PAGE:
Original posting is taken from The Island.
By Shyamon Jayasinghe,
The Island newspaper has, to its credit, sparked off an interesting discussion to mark the impending arrival to Sri Lanka of Richard Dawkins, the world’s most famous atheist. I have seen and heard Dawkins when he came to Melbourne two years ago to attend the International Atheists’ Convention. We also had the privilege of watching his TV appearances and the TV debates on the ABC Channel. The Dawkins experience over here was intellectually fascinating and exciting.
Voted by the Prospect magazine as one of the world’s top three intellectuals (alongside Umberto Eco and Noam Chomsky) Dawkins really takes off from where the mind-shattering natural scientist Charles Darwin stopped. This is true in two senses: One, the fact that Dawkins develops Darwin’s thesis by integrating new discoveries in genetic and biological sciences and new findings in the field of evolution.
Second, Charles Darwin (in 1871) was wary of shocking the world with his great discoveries mostly for fear of reprisal from the Church and the establishment. Said Chares Darwin: "I am a strong advocate for free thought on all subjects, yet it appears to me (whether rightly or wrongly) that direct arguments against Christianity and theism produce hardly any effect on the public and freedom of thought is best promoted by the gradual illumination of men’s minds, which follow[s] from the advance of science. It has, therefore, been always my object to avoid writing on religion, & I have confined myself to science. I may, however, have been unduly biased by the pain which it would give some members of my family, if I aided in any way direct attacks on religion."
The scenario with Richard Dawkins is different. He is contemporary and so confronts a relatively more open and tolerant society influential sections of which have begun to realize at least that the subject of religion should be properly scrutinized. Galvanized by the mounting scientific evidence of the 20th and 21st centuries Dawkins is so passionate about the truth of evolution by natural selection as opposed to creation and rather intolerant of those who continue to preach and to mislead the unwary against the weight of contrary evidence. This is why Richard Dawkins is regarded as the Rottweiler of Charles Darwin. He was observed in Melbourne making intellectual forays with his incisive and razer-sharp mind to objections by creationists. The sarcasm was there and so was the ruthless clinicality of his approach.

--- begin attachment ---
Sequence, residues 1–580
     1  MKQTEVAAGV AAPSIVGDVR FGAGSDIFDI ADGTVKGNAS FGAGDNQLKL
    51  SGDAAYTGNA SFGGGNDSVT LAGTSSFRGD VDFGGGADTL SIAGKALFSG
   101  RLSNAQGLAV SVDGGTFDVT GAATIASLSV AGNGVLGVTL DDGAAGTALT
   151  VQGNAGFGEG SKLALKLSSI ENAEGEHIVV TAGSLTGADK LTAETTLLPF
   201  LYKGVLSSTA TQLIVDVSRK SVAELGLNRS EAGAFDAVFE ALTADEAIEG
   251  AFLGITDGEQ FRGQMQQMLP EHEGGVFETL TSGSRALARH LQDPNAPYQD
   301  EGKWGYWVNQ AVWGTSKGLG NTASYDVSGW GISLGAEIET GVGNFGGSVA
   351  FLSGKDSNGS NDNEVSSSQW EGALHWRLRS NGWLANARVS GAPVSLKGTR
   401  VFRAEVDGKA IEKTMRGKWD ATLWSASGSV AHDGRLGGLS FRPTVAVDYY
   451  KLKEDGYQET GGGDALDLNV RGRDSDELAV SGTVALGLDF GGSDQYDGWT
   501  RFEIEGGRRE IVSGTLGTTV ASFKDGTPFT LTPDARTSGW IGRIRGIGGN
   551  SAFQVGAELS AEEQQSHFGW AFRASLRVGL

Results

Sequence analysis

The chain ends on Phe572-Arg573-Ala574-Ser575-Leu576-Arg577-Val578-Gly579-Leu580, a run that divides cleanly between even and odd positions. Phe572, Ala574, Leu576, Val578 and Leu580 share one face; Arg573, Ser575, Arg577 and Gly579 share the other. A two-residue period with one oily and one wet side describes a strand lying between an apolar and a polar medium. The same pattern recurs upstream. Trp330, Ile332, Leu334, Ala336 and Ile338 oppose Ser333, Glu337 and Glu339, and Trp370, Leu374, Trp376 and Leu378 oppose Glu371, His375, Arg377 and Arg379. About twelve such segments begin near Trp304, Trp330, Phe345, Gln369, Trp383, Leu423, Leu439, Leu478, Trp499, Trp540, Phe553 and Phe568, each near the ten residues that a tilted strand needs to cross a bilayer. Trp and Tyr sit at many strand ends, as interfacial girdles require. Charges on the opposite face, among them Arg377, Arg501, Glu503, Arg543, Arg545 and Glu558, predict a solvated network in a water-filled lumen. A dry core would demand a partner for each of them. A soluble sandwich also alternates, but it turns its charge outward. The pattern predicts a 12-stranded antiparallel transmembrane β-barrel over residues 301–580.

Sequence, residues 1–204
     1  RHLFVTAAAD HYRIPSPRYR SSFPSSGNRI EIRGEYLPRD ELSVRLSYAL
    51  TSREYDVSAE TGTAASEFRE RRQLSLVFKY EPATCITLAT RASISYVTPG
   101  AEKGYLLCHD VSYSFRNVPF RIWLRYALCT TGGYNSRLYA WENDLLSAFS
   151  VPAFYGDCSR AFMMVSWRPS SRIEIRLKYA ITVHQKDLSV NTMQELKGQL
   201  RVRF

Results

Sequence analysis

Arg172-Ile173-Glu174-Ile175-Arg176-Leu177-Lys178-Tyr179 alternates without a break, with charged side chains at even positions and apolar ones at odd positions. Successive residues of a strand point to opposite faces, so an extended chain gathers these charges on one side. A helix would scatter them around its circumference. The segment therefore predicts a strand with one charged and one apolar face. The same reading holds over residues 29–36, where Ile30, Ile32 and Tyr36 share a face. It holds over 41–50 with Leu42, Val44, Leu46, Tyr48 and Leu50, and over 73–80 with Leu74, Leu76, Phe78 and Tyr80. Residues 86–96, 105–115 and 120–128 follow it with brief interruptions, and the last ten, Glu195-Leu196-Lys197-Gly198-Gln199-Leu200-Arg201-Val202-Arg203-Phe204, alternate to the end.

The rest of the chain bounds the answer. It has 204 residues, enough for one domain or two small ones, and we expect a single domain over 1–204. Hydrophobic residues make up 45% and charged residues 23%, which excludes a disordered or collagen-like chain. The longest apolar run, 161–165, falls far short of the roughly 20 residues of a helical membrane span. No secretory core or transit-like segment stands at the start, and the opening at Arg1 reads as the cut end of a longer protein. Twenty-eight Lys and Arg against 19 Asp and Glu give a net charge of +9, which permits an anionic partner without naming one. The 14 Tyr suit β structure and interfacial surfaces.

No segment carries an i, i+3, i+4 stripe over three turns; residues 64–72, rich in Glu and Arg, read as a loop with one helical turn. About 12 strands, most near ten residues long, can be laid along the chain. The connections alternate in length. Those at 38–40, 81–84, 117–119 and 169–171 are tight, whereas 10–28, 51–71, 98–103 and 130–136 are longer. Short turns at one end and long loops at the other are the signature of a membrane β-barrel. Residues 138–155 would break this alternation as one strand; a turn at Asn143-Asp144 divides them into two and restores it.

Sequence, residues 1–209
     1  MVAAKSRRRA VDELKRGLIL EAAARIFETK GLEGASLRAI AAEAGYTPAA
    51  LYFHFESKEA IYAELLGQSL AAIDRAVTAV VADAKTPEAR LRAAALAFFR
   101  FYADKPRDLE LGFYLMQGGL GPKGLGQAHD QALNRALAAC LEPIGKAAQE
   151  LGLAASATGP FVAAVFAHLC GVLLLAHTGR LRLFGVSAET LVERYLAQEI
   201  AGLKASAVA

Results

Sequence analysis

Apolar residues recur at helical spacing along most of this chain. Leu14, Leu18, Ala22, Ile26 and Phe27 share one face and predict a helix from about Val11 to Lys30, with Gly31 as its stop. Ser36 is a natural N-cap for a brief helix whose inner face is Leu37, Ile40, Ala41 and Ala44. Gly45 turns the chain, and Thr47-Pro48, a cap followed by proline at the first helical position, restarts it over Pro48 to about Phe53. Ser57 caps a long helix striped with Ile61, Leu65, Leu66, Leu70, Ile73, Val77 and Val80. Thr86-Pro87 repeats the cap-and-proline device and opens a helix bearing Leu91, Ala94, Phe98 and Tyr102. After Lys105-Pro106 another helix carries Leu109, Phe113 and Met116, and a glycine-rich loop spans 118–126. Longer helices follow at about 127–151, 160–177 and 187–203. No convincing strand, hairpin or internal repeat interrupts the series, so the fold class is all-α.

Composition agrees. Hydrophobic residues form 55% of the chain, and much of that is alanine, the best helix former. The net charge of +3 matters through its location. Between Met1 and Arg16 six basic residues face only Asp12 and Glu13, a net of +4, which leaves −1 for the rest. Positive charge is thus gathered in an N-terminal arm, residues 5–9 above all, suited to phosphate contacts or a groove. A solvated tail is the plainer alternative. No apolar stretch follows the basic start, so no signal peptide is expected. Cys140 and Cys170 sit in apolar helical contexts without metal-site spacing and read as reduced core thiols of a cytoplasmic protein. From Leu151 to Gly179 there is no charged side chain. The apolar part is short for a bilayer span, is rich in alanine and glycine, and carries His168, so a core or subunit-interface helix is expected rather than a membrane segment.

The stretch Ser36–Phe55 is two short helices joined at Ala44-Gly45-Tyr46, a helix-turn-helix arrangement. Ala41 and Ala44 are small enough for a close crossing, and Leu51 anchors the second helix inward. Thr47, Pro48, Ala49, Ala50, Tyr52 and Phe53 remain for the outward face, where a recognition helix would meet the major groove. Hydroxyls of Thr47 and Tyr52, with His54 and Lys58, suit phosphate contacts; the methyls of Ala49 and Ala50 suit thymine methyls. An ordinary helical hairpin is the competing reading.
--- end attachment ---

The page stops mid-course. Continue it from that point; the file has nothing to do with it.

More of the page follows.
Richard Dawkins, FRS, FRSL is Emeritus Fellow of New College Oxford and was Oxford’s Professor of Public Understanding of Science. In the last mentioned role that he played from the years 1995 to 2008 Dawkins had been cast in a mission to take science into the public consciousness. His entire writings exhibit that sense of mission. Such a goal would necessarily undermine belief systems that appear contrary to external empirical evidence. In his famous best seller "God Delusion" Dawkins points out that the fundamental religious belief that a supreme being created the universe and life in it constitutes a scientific issue or, if you like, ‘A scientific hypothesis’ and so it has to be examined with the methodology of science and as "sceptically as any other (hypothesis)" (P2). One has to examine if there is any positive or negative evidence for such a postulate. The God Delusion is a kind of magnum opus that comprehensively surveys all the arguments that have been put forward for God’s existence beginning with Thomas Acquinas’s famous ‘proofs.’ It also presents other considerations from life and nature that are not consistent with the hypothesis. A hypothesis of this nature cannot obviously be subject to controlled experiments. Hence the final conclusion has to be set on a spectrum of probabilities. Dawkins gives the probability as one below zero for the simple reason that one cannot prove that anything does not exist.
Unlike many other atheists Dawkins’ thesis derives a particular strength from his presentation of evolution through natural selection as the explanation for all forms of life and alleged design in the universe.
As a matter of fact there are numerous scientific issues that cannot be brought under controlled experiment. Empirical scientific investigation and logical scientific reasoning yield a spectrum of probabilities in most such cases. This is why they remain .’ Evolution by natural selection proposed by Charles Darwin at the beginning of the 19th century is also theory and has remained so as long as empirical observations sustain that theory. All evidence since Darwin has consolidated that theory so that the theory of Darwin has ‘worked’ in the Pragmatists’ sense; and as long as it works we accept it. It is not difficult to understand that ‘theory’ in this scientific sense is different from the usage of that word in ordinary parlance.